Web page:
This information is intended for use by health professionals
Thiamine Hydrochloride 50mg Tablets
Thiamine Hydrochloride 50mg Tablets are a thiamine (vitamin B1)-containing monovitamin product.
Each tablet contains thiamine hydrochloride, 50mg.
Excipient(s) with known effect:
This product contains lactose monohydrate, see section 4.4.
For the full list of excipients, see section 6.1.
round, white or almost white, biconvex tablets embossed with T50
For the treatment of thiamine deficiencies due to increased dietary requirements, reduced intakes, reduced absorption or increased excretion. Also for treatment of Wernicke-Korsakoff syndrome, beriberi and thiamine deficiency related to chronic alcoholism.
Situations often accompanied by marginal thiamine deficiency and requiring supplementation include but are not limited to:
Regular heavy drinking / chronic alcohol consumption
High carbohydrate intakes
Heavy physical exertion
Compromised nutritional status
High dose diuretics
Type I and Type II diabetes mellitus
Adults and adolescents from 12 years of age:
Mild deficiency: 50-100mg per day
Severe deficiency: 200-300mg per day in divided doses
Not recommended for children under 12 years.
Route of Administration
Known allergy or hypersensitivity to thiamine or to any of the excipients in Thiamine Hydrochloride 50mg Tablets (see section 6.1).
This product contains lactose monohydrate. Patients with rare hereditary problems of galactose intolerance, the Lapp lactase deficiency or glucose- galactose malabsorption should not take this medicine.
The thiamine antagonists thiosemicarbazone and 5-fluorouracil can neutralise the effect of thiamine. Patients using any of these treatments may need their thiamine dose adjusted.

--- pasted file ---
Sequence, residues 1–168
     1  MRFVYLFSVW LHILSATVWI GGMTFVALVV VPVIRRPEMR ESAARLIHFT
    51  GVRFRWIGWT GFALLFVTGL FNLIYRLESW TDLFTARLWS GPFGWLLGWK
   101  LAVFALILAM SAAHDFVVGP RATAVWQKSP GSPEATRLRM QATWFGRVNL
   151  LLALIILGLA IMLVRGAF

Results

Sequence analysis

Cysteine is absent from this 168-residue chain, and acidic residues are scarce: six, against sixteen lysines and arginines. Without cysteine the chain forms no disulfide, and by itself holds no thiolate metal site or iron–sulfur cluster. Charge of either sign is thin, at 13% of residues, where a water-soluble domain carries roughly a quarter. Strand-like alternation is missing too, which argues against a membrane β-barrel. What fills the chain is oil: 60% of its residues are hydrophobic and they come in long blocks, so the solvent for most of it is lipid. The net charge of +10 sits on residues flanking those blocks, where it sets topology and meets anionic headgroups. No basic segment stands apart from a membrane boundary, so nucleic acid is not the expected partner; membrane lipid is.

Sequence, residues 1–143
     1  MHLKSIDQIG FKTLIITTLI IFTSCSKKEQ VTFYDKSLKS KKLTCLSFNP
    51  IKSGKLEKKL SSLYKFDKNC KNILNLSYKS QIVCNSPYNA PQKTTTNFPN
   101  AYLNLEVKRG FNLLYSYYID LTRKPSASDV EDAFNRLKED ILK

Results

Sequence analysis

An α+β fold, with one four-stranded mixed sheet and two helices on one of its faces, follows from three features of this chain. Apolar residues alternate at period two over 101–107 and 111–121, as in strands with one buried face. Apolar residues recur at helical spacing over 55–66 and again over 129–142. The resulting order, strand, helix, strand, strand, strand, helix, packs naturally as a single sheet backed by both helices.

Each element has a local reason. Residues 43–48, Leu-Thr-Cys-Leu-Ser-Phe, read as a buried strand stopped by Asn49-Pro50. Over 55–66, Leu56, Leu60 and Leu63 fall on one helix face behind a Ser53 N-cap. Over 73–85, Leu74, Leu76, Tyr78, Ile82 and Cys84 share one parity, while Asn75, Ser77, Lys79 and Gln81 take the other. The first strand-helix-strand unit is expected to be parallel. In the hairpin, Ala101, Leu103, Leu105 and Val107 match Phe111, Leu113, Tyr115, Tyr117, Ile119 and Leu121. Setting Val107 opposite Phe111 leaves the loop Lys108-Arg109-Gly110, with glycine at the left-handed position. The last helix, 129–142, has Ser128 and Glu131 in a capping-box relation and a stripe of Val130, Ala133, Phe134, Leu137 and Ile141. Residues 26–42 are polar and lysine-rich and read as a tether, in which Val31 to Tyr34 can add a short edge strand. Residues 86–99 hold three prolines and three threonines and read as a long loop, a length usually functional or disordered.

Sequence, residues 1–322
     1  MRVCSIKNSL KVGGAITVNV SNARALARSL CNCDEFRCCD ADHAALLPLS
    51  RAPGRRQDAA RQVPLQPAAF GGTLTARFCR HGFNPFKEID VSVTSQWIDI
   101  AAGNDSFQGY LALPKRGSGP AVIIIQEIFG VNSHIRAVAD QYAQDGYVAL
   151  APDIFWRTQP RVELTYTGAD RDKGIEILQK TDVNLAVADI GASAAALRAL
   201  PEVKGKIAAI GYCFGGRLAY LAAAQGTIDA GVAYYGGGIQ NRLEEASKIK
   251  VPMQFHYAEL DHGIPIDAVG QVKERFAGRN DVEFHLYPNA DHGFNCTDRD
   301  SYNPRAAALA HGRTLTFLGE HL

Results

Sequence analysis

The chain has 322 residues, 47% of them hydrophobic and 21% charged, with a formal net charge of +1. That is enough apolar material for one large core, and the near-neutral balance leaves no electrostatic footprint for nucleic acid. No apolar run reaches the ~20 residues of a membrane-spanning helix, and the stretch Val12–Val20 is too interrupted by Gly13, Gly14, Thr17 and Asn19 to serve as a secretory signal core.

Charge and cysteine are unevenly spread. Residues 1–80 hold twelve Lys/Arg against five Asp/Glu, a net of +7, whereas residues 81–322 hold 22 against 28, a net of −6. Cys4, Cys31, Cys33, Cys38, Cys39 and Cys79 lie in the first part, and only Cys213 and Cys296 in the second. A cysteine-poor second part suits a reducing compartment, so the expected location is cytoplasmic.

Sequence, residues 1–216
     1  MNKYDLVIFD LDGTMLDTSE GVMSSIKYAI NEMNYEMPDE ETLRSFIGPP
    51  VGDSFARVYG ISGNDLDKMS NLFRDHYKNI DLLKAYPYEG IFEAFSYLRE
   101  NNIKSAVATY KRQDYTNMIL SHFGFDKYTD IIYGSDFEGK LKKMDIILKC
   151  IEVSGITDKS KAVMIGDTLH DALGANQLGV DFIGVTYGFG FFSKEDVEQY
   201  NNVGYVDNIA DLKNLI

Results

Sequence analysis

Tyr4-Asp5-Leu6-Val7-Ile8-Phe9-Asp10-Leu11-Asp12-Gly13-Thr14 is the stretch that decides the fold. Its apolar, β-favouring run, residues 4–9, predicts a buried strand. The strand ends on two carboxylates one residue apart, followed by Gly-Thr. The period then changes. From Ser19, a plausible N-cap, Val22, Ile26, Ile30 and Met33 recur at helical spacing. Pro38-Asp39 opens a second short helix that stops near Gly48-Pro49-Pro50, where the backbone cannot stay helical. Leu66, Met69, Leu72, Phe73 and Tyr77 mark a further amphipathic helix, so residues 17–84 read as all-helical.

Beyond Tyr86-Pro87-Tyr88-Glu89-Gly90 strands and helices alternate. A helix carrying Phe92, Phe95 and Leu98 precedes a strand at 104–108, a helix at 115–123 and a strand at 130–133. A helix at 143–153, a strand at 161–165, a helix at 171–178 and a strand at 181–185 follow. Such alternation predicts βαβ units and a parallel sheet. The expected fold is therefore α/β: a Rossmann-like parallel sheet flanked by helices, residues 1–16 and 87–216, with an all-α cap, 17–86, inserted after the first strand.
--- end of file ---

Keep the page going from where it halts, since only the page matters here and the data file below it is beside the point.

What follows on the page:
Thiamine could give false positive results for urobilinogen determination by the Ehrlich's reaction. High doses of thiamine may interfere with spectrophotometric assays of theophylline plasma concentration.
This product is not intended for use in pregnant or lactating women.
No studies on the effect on the ability to drive and use machines have been performed. However, patients should be cautioned to see how they react before driving or operating machinery.
Mild gastrointestinal events such as nausea, vomiting, diarrhoea, and abdominal pain have been reported. Frequency not known (cannot be estimated from data).
Immune system disorders:
Allergic and anaphylactic reactions, with symptoms of pruritus, urticaria, itching, hives, angioedema, abdominal pain, respiratory distress, tachycardia, palpitations, and shock have been reported in single cases. Frequency not known (cannot be estimated from data).
Reporting of suspected adverse reactions
Reporting suspected adverse reactions after authorisation of the medicinal product is important. It allows continued monitoring of the benefit/risk balance of the medicinal product. Healthcare professionals are asked to report any suspected adverse reactions via the Yellow Card Scheme website www.mhra.gov.uk/yellowcard.
Overdose with this route of administration is unlikely. A suspected overdose should be treated symptomatically.
Pharmacotherapeutic group: Vitamin B1, Plain
ATC code: A11DA01.
Thiamine pyrophosphate (TPP), the coenzymatic form of thiamine, is involved in two main types of metabolic reactions: decarboxylation of α-ketoacids (e.g. pyruvate, α-ketoglutarate and branched-chain keto acids) and transketolation (e.g. among hexose and pentose phosphates). Therefore, the principal physiological role of thiamine is as a coenzyme in carbohydrate metabolism, where TPP is required for several stages in the breakdown of glucose to provide energy.
Apart from its metabolic role as a coenzyme, thiamine plays a role in neurotransmitter function and in nerve conduction.
In high doses, thiamine suppresses the transmission of neural stimuli and thus can have an analgesic effect.